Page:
Scaffold Down

It is a bit of a landmark in the build when you are able to take the scaffold down from around the building. For the first time you get an un-interrupted view of the building in the landscape.
We were all pretty pleased with how it was looking.

Costs to wind and watertight:

  • Engineered Wooden Rails £390
  • Structural C16 Wood for joists and framing £1540
  • Ply Sheathing £280
  • Joist Hangers £65
  • Roof Timbers £250
  • Ply for Roof £270
  • Marley Eternity Profile 6 Grey for walls and Roof together with fixings £1270
  • Flashings in Aluminium for roof and wall joints, guttering £1350 Neptune Glasgow
  • Flashings for Chimney and Light tube, Dektite £78
  • Sola Tube £240
  • Flue complete £580
  • Larch Cladding £278
  • Windows Norman Double Glazed £4350
  • External Insulation 100mm Dense Foam Celotex £830
  • External Membranes to walls and roof with fixings £340
  • Labour £3400

Total £15,501


The Marley cladding changes colour depending on the weather conditions in the sunshine it drys very quickly and goes a very light grey. In the wet it goes a battleship grey.


Weather Window

I told Simon that I was going to use Monday to tidy things up on site and prepare as much as I could to have a clear days work on the roof on Tuesday. Come Monday the weather looked as though it was going to be kind for the next two days.
Simon changed his plans and we went for the completion to wind and watertight over Monday and Tuesday.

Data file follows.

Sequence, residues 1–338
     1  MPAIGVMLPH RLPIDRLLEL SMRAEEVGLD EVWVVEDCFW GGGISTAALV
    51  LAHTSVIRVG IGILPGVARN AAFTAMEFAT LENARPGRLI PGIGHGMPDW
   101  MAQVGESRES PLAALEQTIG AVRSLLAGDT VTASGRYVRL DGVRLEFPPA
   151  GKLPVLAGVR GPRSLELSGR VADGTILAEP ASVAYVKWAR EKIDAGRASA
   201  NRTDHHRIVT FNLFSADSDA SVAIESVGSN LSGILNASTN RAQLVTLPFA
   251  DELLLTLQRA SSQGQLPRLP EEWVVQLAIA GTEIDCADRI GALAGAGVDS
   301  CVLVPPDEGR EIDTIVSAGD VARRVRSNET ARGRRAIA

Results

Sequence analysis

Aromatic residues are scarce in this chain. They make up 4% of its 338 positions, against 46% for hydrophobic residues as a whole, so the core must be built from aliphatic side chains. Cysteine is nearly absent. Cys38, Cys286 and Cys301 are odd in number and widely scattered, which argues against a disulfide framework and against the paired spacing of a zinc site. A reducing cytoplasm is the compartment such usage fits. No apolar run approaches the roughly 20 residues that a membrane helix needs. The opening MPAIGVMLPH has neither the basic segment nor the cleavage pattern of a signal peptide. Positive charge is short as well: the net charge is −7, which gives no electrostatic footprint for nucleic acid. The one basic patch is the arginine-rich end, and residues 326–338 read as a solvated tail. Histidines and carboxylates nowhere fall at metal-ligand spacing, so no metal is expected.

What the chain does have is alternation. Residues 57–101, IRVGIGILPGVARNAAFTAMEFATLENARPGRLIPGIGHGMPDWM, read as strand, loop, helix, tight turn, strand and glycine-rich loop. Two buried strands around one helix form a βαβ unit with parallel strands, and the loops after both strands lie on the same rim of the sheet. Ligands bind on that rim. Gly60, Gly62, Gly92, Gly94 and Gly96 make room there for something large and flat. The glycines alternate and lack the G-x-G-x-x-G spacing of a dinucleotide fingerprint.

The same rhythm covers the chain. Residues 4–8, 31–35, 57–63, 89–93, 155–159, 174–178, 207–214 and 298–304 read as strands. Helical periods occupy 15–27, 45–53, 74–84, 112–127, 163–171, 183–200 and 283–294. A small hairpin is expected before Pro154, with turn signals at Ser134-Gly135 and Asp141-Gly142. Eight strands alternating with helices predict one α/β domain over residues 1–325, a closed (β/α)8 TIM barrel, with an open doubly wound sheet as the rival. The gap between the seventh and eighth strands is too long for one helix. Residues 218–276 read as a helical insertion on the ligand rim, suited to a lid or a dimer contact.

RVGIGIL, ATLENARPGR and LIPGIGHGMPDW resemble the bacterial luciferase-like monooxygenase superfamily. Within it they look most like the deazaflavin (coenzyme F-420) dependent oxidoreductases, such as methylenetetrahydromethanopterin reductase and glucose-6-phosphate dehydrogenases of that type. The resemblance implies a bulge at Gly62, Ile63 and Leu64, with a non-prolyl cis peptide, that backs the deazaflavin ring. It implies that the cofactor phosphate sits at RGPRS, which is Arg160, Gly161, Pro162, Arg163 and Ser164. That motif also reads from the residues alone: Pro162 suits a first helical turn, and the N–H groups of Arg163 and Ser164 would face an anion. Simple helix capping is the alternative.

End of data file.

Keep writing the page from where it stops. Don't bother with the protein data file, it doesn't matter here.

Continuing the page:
Monday morning was very bright and sunny but still gusting to 30mph. This made getting all the Marley sheets up on to the roof slightly challenging. We did this very quickly being careful how we handled the sheets in relation to the direction of the gusts. Once on the roof we worked out the best set out and put up a string line to make sure all was straight and true.

Once this prep was done we cracked on.


The weather was kind the sheets were dry so the sealing butyl strip went on and worked without an issue. It is very difficult to apply if the atmosphere is damp. By 3pm we had the roof in place and all secured according to Marley's instructions. The installation is slightly different in the Western Highlands as the wind can be very severe. With these conditions you have to install double laps of butyl strips where the sheets overlap to prevent water being blown up the boards. The fixings have also to be at shorter intervals to prevent excessive wind loads and strain on the sheets. We have it on the Blackhouse and has proved to be very tough.


It was a real relief to get this work done. The building suddenly felt ready for the weather, tough and not fragile.


Finishing the Walls

The week after I returned was not looking great we had the first mild storm going across. It was windier and wetter than the rest of the Autumn we struggled on through the 40mph gusts. Working in this type of weather is no fun. Normally easy tasks become increasingly difficult. Accuracy suffers and tiredness quickly takes over.


We managed to get the front of the building covered in the Marley and all looking good. We gave up on Thursday afternoon as the conditions were getting too difficult to continue. We decided to wait for another weather window. The following week was not looking too hot either. We said we would keep an eye out for the weather but had pencilled in Tuesday as a possible day to get all of the roof sheets on and properly attached. We needed a dry day for this.